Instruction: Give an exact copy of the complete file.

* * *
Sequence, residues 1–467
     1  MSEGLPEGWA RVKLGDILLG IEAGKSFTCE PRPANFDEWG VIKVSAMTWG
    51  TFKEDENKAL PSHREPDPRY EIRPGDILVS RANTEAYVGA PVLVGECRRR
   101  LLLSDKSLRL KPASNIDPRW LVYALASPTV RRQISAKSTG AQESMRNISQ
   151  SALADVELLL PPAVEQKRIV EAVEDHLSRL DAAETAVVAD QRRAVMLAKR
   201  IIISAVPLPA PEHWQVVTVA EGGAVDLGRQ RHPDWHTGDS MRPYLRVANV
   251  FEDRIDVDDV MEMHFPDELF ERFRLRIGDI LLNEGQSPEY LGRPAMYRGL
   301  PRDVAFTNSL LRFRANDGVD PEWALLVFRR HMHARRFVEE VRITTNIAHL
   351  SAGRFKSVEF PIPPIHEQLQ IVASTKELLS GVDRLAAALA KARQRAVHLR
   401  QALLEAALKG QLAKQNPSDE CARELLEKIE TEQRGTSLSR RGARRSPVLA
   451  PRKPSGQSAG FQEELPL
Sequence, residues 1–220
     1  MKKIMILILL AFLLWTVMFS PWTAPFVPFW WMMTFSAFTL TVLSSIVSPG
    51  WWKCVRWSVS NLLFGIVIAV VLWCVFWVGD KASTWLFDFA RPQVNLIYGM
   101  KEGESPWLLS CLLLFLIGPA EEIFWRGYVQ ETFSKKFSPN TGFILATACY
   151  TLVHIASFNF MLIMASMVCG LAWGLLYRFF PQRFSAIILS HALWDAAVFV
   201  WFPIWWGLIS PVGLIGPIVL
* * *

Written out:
Sequence, residues 1–467
     1  MSEGLPEGWA RVKLGDILLG IEAGKSFTCE PRPANFDEWG VIKVSAMTWG
    51  TFKEDENKAL PSHREPDPRY EIRPGDILVS RANTEAYVGA PVLVGECRRR
   101  LLLSDKSLRL KPASNIDPRW LVYALASPTV RRQISAKSTG AQESMRNISQ
   151  SALADVELLL PPAVEQKRIV EAVEDHLSRL DAAETAVVAD QRRAVMLAKR
   201  IIISAVPLPA PEHWQVVTVA EGGAVDLGRQ RHPDWHTGDS MRPYLRVANV
   251  FEDRIDVDDV MEMHFPDELF ERFRLRIGDI LLNEGQSPEY LGRPAMYRGL
   301  PRDVAFTNSL LRFRANDGVD PEWALLVFRR HMHARRFVEE VRITTNIAHL
   351  SAGRFKSVEF PIPPIHEQLQ IVASTKELLS GVDRLAAALA KARQRAVHLR
   401  QALLEAALKG QLAKQNPSDE CARELLEKIE TEQRGTSLSR RGARRSPVLA
   451  PRKPSGQSAG FQEELPL
Sequence, residues 1–220
     1  MKKIMILILL AFLLWTVMFS PWTAPFVPFW WMMTFSAFTL TVLSSIVSPG
    51  WWKCVRWSVS NLLFGIVIAV VLWCVFWVGD KASTWLFDFA RPQVNLIYGM
   101  KEGESPWLLS CLLLFLIGPA EEIFWRGYVQ ETFSKKFSPN TGFILATACY
   151  TLVHIASFNF MLIMASMVCG LAWGLLYRFF PQRFSAIILS HALWDAAVFV
   201  WFPIWWGLIS PVGLIGPIVL